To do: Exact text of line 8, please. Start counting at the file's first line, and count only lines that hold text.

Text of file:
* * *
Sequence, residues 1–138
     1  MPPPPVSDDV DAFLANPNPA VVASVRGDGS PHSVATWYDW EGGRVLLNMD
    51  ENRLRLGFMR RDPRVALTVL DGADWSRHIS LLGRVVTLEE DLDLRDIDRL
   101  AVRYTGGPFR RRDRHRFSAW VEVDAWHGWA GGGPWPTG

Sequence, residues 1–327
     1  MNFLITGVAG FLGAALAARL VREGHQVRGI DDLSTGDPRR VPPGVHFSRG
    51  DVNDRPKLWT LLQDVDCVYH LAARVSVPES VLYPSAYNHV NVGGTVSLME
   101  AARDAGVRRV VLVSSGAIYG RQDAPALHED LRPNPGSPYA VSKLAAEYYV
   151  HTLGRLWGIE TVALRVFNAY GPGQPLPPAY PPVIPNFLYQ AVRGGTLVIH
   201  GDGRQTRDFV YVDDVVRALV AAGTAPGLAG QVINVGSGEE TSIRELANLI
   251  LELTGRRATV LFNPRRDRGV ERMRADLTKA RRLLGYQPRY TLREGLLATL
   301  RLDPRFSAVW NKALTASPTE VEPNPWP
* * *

   101  AARDAGVRRV VLVSSGAIYG RQDAPALHED LRPNPGSPYA VSKLAAEYYV